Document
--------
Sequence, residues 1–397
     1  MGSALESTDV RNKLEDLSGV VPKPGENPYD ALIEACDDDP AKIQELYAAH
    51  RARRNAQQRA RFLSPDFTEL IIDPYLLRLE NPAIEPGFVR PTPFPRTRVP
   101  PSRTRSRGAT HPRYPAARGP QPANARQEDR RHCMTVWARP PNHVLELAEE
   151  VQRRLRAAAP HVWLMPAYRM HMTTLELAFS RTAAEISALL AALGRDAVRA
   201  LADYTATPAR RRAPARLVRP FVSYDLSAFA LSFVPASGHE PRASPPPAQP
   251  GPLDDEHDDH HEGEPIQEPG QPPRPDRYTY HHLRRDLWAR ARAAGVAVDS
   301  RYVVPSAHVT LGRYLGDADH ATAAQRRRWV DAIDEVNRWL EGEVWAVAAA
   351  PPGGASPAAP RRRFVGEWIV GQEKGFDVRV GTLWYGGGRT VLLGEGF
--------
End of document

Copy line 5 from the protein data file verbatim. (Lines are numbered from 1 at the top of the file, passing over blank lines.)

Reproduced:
   151  VQRRLRAAAP HVWLMPAYRM HMTTLELAFS RTAAEISALL AALGRDAVRA